If you're concerned about showing 'too much skin', err on the side of conservative with a light sweater or scarf that you can remove.
You can also pick your outfit based on the timing of the concert.
For an afternoon performance, feel free to wear business casual, whereas you can lean toward an elegant style for evening events such as a cocktail dress and cute heels.
Guidelines For The Masculine
If you prefer masculine styles, the task will be much easier, especially if your last trip to the concert hall was in an old t-shirt and jeans to see a country band.
While this will be much easier than anticipated, there are some things you need to remember.
If you're attending the lunch matinee, throw on a crisp white shirt and a blazer, some nice jeans, and a clean pair of shoes, and you'll do just fine.
Keep in mind that nice jeans in this instance refer to the distressed, single-toned, even nicely ironed sort - nothing worse than a pair of wrinkled jeans.
Evening concert? You can call off the tuxedo. Go to your closet, pull out your business clothes including a button-down shirt, comfortable blazer, slacks, and dress shoes. Easy.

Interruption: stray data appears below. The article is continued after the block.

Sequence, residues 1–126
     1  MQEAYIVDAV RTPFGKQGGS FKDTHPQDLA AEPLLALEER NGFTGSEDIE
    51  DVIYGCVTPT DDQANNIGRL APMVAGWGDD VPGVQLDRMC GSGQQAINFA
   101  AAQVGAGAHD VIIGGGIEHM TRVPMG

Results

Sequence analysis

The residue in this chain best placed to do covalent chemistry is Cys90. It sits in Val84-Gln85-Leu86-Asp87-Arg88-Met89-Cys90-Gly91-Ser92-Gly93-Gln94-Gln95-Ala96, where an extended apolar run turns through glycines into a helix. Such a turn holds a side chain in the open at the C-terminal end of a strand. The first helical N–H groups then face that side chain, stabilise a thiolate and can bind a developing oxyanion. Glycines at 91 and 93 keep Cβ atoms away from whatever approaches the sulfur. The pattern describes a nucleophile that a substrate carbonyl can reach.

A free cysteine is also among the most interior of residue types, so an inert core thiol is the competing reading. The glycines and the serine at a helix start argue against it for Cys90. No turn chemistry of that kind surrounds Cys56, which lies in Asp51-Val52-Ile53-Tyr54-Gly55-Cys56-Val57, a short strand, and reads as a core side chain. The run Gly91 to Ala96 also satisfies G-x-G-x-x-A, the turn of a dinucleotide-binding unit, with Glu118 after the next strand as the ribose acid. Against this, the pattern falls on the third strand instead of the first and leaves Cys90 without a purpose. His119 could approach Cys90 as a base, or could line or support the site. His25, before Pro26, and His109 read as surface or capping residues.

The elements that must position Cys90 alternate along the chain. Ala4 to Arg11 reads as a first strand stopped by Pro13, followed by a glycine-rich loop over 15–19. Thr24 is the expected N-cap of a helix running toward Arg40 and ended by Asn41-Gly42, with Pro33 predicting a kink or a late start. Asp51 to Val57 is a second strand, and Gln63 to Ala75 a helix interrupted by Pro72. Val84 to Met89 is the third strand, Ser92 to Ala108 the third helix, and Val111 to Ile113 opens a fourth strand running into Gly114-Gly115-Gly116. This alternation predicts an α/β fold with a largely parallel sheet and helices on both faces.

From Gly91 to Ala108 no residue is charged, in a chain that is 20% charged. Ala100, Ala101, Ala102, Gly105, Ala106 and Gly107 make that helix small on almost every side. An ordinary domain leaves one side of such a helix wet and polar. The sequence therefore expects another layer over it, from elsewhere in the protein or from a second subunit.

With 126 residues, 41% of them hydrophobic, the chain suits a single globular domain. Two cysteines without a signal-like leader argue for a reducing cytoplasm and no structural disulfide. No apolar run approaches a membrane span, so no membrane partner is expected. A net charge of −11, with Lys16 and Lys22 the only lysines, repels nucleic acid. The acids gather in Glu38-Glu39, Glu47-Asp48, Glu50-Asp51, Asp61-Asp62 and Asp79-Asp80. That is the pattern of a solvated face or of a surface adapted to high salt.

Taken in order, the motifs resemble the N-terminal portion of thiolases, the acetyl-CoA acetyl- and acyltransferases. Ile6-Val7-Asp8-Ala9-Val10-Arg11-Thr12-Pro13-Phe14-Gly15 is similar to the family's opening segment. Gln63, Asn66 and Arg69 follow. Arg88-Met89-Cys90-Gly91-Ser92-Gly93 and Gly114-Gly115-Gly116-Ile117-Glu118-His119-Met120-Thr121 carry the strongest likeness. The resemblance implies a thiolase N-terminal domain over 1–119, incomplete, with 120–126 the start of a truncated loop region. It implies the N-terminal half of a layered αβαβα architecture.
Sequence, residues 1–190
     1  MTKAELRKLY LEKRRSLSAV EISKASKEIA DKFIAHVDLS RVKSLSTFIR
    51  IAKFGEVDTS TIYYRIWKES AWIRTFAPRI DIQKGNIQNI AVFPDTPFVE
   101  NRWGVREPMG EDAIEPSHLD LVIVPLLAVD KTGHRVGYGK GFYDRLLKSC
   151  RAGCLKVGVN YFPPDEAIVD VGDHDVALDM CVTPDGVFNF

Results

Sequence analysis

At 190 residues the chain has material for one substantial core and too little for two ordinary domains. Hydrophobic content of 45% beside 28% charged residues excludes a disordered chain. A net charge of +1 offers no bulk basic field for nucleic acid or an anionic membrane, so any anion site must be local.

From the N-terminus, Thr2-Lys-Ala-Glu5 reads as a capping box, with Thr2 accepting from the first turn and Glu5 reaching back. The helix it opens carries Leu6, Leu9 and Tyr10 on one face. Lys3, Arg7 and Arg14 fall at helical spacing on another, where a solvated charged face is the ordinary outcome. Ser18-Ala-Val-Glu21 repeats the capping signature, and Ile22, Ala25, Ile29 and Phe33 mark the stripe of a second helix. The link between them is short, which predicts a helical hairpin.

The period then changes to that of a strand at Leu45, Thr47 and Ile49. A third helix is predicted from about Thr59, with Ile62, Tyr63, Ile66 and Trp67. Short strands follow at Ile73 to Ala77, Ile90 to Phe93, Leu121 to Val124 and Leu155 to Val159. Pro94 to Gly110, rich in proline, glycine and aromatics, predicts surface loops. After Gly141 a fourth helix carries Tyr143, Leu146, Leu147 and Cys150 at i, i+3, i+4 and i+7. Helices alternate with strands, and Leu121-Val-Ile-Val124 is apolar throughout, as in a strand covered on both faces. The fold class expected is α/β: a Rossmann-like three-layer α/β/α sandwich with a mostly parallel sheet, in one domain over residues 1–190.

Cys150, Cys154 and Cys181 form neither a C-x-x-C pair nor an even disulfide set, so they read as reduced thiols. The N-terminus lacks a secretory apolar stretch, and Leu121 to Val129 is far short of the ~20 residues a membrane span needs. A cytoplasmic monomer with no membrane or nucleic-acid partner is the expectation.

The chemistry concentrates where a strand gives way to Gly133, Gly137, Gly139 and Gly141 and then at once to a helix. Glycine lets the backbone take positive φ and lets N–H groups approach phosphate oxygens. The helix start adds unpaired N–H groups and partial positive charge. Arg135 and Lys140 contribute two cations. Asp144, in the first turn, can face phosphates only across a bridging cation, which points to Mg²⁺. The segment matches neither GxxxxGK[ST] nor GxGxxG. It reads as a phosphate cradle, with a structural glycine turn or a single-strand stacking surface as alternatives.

If the event is expected to be more formal, you could throw on a tie or, better yet, a bow tie. In most cases, this will likely be unnecessary.
Is There A Dress Code?
While some venues may impose their own dress rules for special events, the dress code for classical concerts is generally a rather casual attire. Keep in mind that the “casual” requirements can be subjective, so the tips above should come in handy.
Patrons of symphonic concerts in a concert hall tend to be more dressed up than those enjoying a casual concert series from a lawn pavilion. Do your best to match the environment.
If you are traveling and are unsure of the local customs or requirements, you can always ask the box office.
Dress for The Ticket
One of the best tips we’ve come across is to dress for the ticket, i.e. dress based on how much you spent to attend the event.
If it was $15-25 you’ll be safe wearing more casual attire. If you’ve spent $100 or more on a single ticket, you’ll want to go a bit more formal. Again, people don’t generally wear swanky tuxedos and elegant gowns to a symphony.
That said, the cost of a ticket doesn’t necessarily equate to how special the occasion is, so if you want to dress to the nines for your night out, enjoy it!
Is A Bit of Color Okay?
Colour can be seen as an important choice when it comes to dressing for a classical concert. It is safe to say that there are specific colors you should not wear, such as yellow, orange, and red.